Inflammation means activation of the body’s immune system. It does not mean “swelling;” there’s always some kind of inflammation involved when a part of the body swells, but many kinds of inflammation don’t involve any. The word is commonly misunderstood.
Inflammation is nature’s way of fighting germs and foreign substances that enter the body. White blood cells (WBCs) attack, and recruit a variety of chemicals to assist. Without the ability to create inflammatory responses, we would die early in life.
Inflammation feels uncomfortable, whether it’s due to a splinter in a finger, an ear infection, or whatever. Acute inflammation ends when the unwanted invader is cleared from the body. But chronic infection persists, whether it’s due to ongoing infection (like untreated HIV), autoimmune disease when the body mistakenly attacks itself (like rheumatoid arthritis), or cancer. In rare occasions, inflammation can explode in an undesired poorly-understood chain reaction of the immune system, causing real harm, like in those persons who get very sick and die from Covid.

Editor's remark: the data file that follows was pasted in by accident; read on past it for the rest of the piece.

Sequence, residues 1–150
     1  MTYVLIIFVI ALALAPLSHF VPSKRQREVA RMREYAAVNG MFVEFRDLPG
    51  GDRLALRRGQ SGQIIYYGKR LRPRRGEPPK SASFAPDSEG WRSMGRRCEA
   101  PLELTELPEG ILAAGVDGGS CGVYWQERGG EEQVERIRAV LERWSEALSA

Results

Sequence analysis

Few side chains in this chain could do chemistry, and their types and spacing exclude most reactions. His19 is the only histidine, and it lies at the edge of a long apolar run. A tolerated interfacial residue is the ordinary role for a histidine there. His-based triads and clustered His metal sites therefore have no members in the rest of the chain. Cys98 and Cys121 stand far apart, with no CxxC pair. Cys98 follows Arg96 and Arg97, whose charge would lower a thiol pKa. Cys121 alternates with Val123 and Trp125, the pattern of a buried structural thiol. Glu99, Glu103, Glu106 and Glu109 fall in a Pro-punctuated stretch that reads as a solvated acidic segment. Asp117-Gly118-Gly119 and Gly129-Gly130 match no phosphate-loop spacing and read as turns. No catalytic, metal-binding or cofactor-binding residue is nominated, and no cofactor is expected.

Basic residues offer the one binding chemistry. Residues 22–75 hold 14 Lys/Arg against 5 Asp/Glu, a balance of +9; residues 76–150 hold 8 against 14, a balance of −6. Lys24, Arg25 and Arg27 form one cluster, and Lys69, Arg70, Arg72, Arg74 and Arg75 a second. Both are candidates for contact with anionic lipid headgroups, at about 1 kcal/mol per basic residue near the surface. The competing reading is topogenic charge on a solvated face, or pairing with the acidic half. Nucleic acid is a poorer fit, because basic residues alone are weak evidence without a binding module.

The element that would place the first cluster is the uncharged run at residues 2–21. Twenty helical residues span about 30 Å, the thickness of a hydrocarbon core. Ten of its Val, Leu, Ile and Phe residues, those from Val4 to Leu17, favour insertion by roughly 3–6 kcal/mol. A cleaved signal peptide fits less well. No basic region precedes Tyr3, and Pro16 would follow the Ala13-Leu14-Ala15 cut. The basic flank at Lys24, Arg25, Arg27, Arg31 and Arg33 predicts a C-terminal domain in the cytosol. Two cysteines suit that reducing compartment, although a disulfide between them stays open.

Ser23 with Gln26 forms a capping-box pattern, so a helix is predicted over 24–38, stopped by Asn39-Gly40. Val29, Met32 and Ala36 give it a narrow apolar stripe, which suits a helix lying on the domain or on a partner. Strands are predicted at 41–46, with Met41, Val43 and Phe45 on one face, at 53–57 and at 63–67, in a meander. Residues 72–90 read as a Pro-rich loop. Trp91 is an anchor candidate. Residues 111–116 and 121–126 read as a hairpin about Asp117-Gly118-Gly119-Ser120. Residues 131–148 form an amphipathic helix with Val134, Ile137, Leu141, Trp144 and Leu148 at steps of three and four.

Various medications can fight and dampen inflammation, from weak drugs like NSAIDs (ibuprofen, etc.), to steroids, to more powerful and potentially-dangerous medications used for autoimmune disease (which itself is more dangerous than the medications). But since inflammation is the body’s way of protecting and repairing itself, in those cases it may not be wise to try to combat it, even if we’re feeling bad.
For example, with injuries, inflammation helps the body fix itself. Some animal studies have shown that NSAIDs may delay healing. Acetaminophen (Tylenol®) relieves pain (analgesic) but is not an anti-inflammatory; however, when I suggest it to patients, they get offended, since it’s available over-the-counter.